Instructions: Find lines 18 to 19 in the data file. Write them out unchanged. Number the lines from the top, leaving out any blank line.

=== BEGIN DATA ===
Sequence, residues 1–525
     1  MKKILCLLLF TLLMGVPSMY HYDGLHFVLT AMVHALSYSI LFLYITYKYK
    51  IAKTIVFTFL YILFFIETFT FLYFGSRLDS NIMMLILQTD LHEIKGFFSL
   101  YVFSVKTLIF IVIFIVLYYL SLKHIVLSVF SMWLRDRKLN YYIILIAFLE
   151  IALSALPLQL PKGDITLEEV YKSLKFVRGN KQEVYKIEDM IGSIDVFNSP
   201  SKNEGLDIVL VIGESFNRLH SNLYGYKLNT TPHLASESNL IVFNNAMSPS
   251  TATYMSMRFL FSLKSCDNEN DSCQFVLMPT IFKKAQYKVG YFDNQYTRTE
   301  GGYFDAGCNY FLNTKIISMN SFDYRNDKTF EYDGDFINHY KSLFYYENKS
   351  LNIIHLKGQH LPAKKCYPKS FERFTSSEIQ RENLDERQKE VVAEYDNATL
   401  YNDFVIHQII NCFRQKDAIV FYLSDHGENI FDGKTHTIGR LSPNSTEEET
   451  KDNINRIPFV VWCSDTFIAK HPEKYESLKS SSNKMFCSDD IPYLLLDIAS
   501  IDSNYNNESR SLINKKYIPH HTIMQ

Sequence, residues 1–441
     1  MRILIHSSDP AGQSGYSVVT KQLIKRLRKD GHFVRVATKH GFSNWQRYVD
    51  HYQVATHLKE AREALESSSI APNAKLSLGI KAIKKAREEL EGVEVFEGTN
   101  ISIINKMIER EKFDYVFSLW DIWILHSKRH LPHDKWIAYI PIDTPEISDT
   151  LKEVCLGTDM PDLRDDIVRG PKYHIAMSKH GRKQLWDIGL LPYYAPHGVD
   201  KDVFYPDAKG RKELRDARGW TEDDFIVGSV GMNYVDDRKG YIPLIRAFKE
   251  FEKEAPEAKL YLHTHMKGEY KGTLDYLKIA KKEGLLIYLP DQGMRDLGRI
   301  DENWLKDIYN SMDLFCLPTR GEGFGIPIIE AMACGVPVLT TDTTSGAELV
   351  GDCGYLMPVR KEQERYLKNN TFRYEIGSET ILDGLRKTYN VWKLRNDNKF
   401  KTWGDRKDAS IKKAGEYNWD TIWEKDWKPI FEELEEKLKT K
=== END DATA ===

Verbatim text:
   201  KDVFYPDAKG RKELRDARGW TEDDFIVGSV GMNYVDDRKG YIPLIRAFKE
   251  FEKEAPEAKL YLHTHMKGEY KGTLDYLKIA KKEGLLIYLP DQGMRDLGRI